Panel on the Responsibility to Stop Genocide in Darfur convenes this Friday

Editor’s note: This article was initially published in The Daily Gazette, Swarthmore’s online, daily newspaper founded in Fall 1996. As of Fall 2018, the DG has merged with The Phoenix. See the about page to read more about the DG.

Friday, a group of experts will speak and answer questions about the genocide in Darfur, Sudan and the global responsibility to end it. This panel, titled “A Responsibility to Stop Genocide,” is sponsored by Swarthmore Sudan, the Genocide Intervention Fund (GIF), the Cooper Foundation, and the Department of Sociology & Anthropology, and will be held in LPAC at 5:30.

On the panel will be Dr. Zac Nsenga, the current Rwandan Ambassador to Washington; Eric Reeves, Professor of English at Smith College and one of the most prominent figures in current research on Sudan; Gayle Smith, a Senior Fellow at the Center for American Progress and the former Senior Director of African Affairs at the National Security Council (1998-2001); and Gregory H. Stanton, the current president of Genocide Watch. After the panelists speak, there will be time allotted for the audience to ask questions.

Senior Cara Angelotta, media director for GIF, emphasized that the panel will be more than an opportunity to learn about the genocide in Darfur; attendees will also have the opportunity to learn about effective ways to end it. After the panel, resources will be available for direct action, through letter writing campaigns and with action kits.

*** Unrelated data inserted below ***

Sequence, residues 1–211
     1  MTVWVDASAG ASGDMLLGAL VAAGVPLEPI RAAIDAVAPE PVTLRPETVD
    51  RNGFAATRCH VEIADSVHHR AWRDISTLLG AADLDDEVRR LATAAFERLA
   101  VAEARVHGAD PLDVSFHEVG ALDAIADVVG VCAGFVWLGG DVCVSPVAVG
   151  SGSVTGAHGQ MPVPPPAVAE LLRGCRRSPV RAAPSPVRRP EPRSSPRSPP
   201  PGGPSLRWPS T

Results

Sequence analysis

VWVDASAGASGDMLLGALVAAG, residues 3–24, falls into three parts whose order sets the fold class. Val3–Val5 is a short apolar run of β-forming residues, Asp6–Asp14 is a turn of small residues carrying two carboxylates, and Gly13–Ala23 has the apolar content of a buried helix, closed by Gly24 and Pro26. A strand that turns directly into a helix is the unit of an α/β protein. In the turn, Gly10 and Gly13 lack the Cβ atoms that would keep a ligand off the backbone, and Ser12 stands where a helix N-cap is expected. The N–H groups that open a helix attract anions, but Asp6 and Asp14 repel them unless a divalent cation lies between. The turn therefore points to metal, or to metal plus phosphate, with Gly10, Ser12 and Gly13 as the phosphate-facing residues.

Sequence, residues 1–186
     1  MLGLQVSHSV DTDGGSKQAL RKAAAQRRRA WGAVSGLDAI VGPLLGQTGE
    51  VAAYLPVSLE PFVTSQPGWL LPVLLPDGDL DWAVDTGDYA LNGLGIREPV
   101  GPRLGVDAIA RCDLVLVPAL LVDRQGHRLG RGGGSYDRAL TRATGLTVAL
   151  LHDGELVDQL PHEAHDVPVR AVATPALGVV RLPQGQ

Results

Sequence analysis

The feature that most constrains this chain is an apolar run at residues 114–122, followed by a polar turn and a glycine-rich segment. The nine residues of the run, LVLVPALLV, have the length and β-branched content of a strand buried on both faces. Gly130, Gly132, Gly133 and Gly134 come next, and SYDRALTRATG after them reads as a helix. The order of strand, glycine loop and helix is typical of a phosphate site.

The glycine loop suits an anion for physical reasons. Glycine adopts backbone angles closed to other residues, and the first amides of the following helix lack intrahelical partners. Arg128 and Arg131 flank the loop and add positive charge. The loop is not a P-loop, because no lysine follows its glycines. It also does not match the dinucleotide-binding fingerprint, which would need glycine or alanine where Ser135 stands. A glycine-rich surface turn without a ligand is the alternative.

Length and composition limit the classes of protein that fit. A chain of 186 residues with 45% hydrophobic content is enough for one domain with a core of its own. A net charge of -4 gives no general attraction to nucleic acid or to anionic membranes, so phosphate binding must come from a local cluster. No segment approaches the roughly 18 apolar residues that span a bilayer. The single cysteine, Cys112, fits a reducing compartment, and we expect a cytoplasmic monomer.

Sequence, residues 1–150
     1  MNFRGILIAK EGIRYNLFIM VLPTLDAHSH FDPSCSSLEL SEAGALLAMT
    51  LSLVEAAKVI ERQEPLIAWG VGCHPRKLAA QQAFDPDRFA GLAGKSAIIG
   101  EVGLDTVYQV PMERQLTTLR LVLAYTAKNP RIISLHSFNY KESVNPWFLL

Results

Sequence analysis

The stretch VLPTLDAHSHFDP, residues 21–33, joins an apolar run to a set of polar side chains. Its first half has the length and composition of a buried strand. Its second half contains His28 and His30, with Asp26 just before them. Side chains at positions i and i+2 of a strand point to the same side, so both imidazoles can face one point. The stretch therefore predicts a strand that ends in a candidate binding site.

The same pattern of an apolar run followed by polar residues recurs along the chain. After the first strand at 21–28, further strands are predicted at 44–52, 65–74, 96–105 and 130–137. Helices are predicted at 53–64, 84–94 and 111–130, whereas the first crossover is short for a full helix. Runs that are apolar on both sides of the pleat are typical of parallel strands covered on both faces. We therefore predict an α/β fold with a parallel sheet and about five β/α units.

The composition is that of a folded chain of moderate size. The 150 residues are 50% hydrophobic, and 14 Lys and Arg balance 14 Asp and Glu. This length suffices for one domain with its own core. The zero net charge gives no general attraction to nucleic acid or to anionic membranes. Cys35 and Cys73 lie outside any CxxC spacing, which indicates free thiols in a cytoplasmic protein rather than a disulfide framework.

The panel is a prelude to Genocide Awareness Month in April and GIF’s ‘100 Days of Action Campaign’ to raise $1,000,000 in support of the African Union’s (AU) peacekeeping force in Darfur and to facilitate the writing of 100,000 letters urging government officials to take action to end the genocide. The campaign will begin with the public launch of the Genocide Intervention Fund on this year’s April 6th anniversary of the beginning of the 100-day Rwandan genocide in 1994. In Darfur today, after two years of genocide, 400,000 people have been killed and 2.5 million displaced, but the AU’s troops are kept from their full potential by financial, equipment, and logistical shortages that GIF hopes to alleviate. GIF strongly encourages Swarthmore Students to support its campaign with action, by traveling to DC on the 6th to make noise at the press conference, and hopes Friday’s panel will inspire such action.

Reemphasizing the critical need for this kind of action, Susannah Gund, a freshman and management director of GIF, said that the most important thing about the panel was not to learn about the “facts of genocide” in Sudan but to recognize them and then take up our responsibility to act to change them. More information can be found at

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